Monday, June 27, 2011

Routledge Handbook

The Routledge Handbook of Human Rights, edited by Thomas Cushman, will be published this summer.  The book includes my essay “The Metaphysical Foundations of Natural Rights.”  If you have a spare $180, do pick up a copy.  Otherwise, you might look for it in your nearest academic library.

12 comments:

Daniel Smith said...

I guess I'll just keep posting my question in every new thread until Ed (or someone else) takes a stab at it:

If teleology is inherent in nature (even if God put it there), doesn't it logically follow then that nature could continue to exist even if God ceases to exist?

Anyone?

Solomons Chariots said...

Hi Daniel,

I'm not exactly qualified in anyway to answer your question, but I think there are several ways in which that wouldn't neccesarily follow.

Firstly, I would think that while teleology is necessary for nature to exist, it would not be sufficient. If God were to cease to exist there would be a cessation in other things that are necessary to exist (source of being, motion, efficient causes etc... Feser outlines several of these other dependencies in Aquinas ). So even if inherent teleology could continue without God's continual existence, it actually wouldn't, because that would rely on other aspects of existence which neccessarily rely on God's continual existence to be in effect.

Secondly, it's not clear that the inherent teleology in nature doesn't all point to God in some way. There are two ways this could happen, 1) it needs to points to God, so does and 2)it doesn't need to point to God, but everything that exists does anyway. In either situation, it would not logically follow that nature continues to exist if their was a cessation of God.

Thirdly, I would suggest that there are different ways and levels in which we could say that teleology was inherent in nature. Pinpointing exactly in which way we can say this is important, and it doesn't necessarily follow that nature continues to exist without God if teleology in inherent (I have suggested two such ways above).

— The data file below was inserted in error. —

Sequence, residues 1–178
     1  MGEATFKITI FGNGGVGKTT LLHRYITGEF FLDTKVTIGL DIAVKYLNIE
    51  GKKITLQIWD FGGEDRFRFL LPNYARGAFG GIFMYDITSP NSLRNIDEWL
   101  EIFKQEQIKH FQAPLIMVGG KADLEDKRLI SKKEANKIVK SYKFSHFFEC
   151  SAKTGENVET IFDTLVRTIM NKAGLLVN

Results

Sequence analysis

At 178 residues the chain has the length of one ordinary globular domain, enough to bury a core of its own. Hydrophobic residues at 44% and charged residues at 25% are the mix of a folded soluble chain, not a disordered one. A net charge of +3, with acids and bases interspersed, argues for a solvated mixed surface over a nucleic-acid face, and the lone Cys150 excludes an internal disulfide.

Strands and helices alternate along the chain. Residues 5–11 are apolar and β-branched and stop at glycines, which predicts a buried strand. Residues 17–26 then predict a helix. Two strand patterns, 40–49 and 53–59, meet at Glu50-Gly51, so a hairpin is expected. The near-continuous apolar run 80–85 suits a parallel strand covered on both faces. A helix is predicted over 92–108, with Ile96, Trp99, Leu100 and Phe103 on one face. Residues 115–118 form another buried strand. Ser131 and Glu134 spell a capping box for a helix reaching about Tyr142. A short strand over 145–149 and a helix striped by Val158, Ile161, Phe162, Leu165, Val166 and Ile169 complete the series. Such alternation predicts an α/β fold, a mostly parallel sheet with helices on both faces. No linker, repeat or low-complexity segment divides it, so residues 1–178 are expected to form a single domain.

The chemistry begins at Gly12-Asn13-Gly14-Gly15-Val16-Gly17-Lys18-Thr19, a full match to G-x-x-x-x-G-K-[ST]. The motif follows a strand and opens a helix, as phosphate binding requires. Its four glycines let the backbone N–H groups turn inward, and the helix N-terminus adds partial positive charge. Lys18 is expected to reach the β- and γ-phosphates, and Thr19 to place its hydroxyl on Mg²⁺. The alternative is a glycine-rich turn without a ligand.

Anyway, that's my uneducated (unEDucated?) musing on your question.

Edward Feser said...

Daniel,

Briefly, the answer is No, though I'm not sure why you'd think it does follow. Compare: If something is a Euclidean triangle, then necessarily it has angles that add up to 180 degrees. Still, a Euclidean triangle (like anything else) could not from an A-T point of view persist in existence even for an instant without God's sustaining activity (by conjoining its essence and existence, etc.).

Similarly, if something is an acorn, then necessarily it points beyond itself to the oak it is inherently "directed toward" becoming. That is, necessarily, or of its nature, it exhibits teleology. All the same, the acorn couldn't exist even for an instant if God weren't sustaining it in being.

In general, to say "X necessarily has Y given its nature" simply doesn't entail "X can exist without God." It entails only "If God is causing X to exist, then necessarily He is thereby causing something with Y to exist" (where Y in this case is some teleological feature).

mpresley said...

$180.00? Better to opt for the e-book download. That's only $180.00. And I can't even wait to find out how much the paperback will be. Probably $180.00.

Anonymous said...

So what are the metaphysical foundations of natural rights? :)

(my guess is that the answer has something to do with A-T essentialism)

Solomon's Chariots said...

Hi Anonymous (June 27, 2011 8:39 PM)


You can find the metaphysical foundations of natural rights in Ed Feser's Article Classical Natural Law Theory, Property Rights, and Taxation :
https://portfolio.du.edu/portfolio/getportfoliofile?uid=157552

In this article is found a section specifically dealing with the Metaphysical Foundations. :)

Daniel Smith said...

Ed: "Briefly, the answer is No, though I'm not sure why you'd think it does follow."

Well, my position is that the teleology we observe in nature is inherent in God - not in nature - thus if God ceases to exist, so does the teleology. This was part of a longer question I asked in the On Aristotle, Aquinas, and Paley: A Reply to Marie George thread.

"If God is causing X to exist, then necessarily He is thereby causing something with Y to exist" (where Y in this case is some teleological feature).

But then isn't Y just as dependent on God as X? And, if so, how can it be said that Y is "inherent in" X?